Hera Hilmar as Hester Shaw in Mortal Engines (Universal Pictures)
Tolstoy famously wrote in Anna Karenina that happy families are all alike, but unhappy families are unhappy in different ways. The same seems to apply to societies, given the proliferation of movies about dystopian societies that each find different ways to imagine just how bad humanity could work if things end up going terribly wrong. Mortal Engines, based on a series of books by Philip Reeve, was first published before the portrayal of dystopian futures became commonplace in cinema, but its film adaptation comes after it became the standard setting for young adult series such as The Hunger Games and Divergent. The film adaptation, produced by Peter Jackson and written by Jackson and his Lord of the Rings collaborators, thus stands as too early and too late. It presaged the stories that Hollywood would be telling a decade later, but had the unfortunate luck to come after so many have passed through cinemas.
The difficulty of creating a story that depicts a dystopia is that it requires a great amount of world-building, and Mortal Engines offers a rather complex one, at that. Every story of this kind has its basic foundation: a catastrophe occurs, most people end up living subsistence lives, the elite still maintain despotic control over others, and generally a resistance force rises up against them. The world of Mortal Engines takes place more than a thousand years after the present day, where mobile cities (London is the focus here) capture smaller cities to use them for fuel. Technological progress has halted, and conflicts remain between societies that are mobile, like London, and those that are not. The man in control of London is Thaddeus Valentine (Hugo Weaving), who has nefarious plans to use lost technology for world domination.
This is all a bit much, and hasn’t even really begun to delve into the characters. Hera Hilmar plays Hester Shaw, who sneaks into London to attempt to assassinate Valentine, and Robert Sheehan is Tom Natsworthy, a Historian who thwarts the attempt and becomes her unlikely companion after both are thrown off the moving city. Add in a series of resistance fighters, a seemingly immortal human-robotic hybrid, and various colorful characters and thus becomes a movie that is overstuffed with detail. That it comes from the hand of Peter Jackson, who kept making already extended Lord of the Rings movies even longer and longer, and still is approximately two hours long, seems like a miracle.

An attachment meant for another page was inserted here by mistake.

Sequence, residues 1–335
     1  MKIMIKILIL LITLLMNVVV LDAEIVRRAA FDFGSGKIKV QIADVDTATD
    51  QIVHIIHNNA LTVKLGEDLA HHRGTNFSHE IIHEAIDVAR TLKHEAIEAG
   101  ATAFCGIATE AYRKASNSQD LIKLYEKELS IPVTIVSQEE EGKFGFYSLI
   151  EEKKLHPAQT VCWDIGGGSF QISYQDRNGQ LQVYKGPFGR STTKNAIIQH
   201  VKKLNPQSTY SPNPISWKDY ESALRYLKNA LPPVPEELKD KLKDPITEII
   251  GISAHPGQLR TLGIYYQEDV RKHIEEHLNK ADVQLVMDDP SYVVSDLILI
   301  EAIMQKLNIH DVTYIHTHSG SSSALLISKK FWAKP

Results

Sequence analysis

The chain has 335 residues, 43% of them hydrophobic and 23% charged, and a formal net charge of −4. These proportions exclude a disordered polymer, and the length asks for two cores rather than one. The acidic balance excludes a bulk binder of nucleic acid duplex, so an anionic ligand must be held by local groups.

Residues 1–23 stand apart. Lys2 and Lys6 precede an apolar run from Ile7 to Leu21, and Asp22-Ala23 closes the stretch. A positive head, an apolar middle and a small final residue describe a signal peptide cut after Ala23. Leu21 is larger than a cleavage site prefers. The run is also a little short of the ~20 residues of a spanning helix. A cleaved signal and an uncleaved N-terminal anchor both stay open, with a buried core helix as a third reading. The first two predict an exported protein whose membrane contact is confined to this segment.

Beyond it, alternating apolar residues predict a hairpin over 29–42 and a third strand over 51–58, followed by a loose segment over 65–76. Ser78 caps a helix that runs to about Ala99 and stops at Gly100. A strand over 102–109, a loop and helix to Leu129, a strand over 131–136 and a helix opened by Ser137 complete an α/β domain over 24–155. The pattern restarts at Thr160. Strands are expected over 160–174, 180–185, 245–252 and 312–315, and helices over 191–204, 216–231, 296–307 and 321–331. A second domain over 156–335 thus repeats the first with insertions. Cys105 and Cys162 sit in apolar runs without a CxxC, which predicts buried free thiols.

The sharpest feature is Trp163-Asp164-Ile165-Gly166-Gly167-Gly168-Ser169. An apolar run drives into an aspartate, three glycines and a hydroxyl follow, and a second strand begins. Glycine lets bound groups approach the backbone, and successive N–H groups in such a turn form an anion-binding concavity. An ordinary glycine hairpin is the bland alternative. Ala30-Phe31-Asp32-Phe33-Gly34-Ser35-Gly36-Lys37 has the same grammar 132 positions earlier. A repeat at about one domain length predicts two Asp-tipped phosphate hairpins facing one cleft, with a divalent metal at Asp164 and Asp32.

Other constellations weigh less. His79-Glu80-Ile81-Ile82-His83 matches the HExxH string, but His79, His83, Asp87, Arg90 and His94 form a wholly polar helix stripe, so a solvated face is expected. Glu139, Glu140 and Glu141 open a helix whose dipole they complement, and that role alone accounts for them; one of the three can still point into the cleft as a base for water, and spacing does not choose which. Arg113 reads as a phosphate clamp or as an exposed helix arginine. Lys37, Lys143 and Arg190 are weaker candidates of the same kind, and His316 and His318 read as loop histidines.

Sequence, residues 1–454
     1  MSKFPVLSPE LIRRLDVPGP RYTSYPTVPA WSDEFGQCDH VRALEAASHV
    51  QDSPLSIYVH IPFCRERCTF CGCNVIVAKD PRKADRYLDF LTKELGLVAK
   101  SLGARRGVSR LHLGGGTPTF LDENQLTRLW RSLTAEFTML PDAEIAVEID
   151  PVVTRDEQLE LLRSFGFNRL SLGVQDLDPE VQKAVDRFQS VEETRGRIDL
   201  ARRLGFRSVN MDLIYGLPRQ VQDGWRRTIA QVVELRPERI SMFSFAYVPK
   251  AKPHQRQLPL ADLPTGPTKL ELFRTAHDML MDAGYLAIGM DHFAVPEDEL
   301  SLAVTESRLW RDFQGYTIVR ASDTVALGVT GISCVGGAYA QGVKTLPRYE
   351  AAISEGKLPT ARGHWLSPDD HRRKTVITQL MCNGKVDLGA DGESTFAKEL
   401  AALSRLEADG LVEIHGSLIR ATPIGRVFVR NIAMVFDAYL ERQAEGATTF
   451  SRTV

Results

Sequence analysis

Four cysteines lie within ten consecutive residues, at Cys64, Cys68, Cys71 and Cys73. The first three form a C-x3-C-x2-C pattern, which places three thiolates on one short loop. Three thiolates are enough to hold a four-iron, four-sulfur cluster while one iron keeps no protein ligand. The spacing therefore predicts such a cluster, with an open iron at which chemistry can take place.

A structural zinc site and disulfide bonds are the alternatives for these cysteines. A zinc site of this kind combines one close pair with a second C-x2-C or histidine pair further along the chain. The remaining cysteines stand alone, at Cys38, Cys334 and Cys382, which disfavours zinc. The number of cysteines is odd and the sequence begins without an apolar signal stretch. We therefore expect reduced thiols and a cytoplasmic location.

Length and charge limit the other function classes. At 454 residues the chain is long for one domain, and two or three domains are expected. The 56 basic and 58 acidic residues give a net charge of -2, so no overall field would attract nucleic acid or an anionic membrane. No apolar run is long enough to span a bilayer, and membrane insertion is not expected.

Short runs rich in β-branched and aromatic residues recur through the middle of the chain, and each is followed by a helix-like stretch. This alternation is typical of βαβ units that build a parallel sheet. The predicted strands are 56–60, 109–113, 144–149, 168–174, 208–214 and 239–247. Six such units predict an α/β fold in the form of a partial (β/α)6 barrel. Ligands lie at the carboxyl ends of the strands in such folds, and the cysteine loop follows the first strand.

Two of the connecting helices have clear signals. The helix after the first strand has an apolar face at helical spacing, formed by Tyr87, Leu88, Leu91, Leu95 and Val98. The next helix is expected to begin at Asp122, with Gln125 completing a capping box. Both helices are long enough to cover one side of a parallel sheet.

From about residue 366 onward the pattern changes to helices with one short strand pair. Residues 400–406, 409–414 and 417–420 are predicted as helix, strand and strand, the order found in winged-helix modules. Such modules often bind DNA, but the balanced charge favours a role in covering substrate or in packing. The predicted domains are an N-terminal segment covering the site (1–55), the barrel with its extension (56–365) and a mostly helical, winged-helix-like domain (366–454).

It is easy to see how so much of this would work as book, which can luxuriate in descriptions the way that a movie cannot. The plot in a movie has to move, and Mortal Engines has a lot of information to impart before things can actually move in a decent fashion. It makes one appreciate just how effective The Hunger Games was at this. It kept the main story simple and its main characters clearly drawn, thus allowing all the details to be filled in as a secondary concern. Here, the details come before anything else. The story does share one galling trait in common with the story of Katniss Everdeen, a penchant for ridiculous names (Bevis Pod? Chudleigh Pomeroy?) that proves the true fall of society will occur when people start taking naming advice from A-list celebrities.
And yet, once director Christian Rivers finally establishes how this society functions and arranges the plot so that it can move forward, Mortal Engines actually turns out to be somewhat effective and entertaining. The climax of the film, while occasionally lapsing into some too-common pitfalls (just shoot the bad guy already, don’t have a conversation!), handles the action quite well, and if it cribs a bit too much from the attack on the Death Star from Star Wars, then it at least knows exactly what it should copy. Mortal Engines might start as overstuffed and excessively detailed, but by the end it finally gets a handle on how to keep everything, including the city of London, moving
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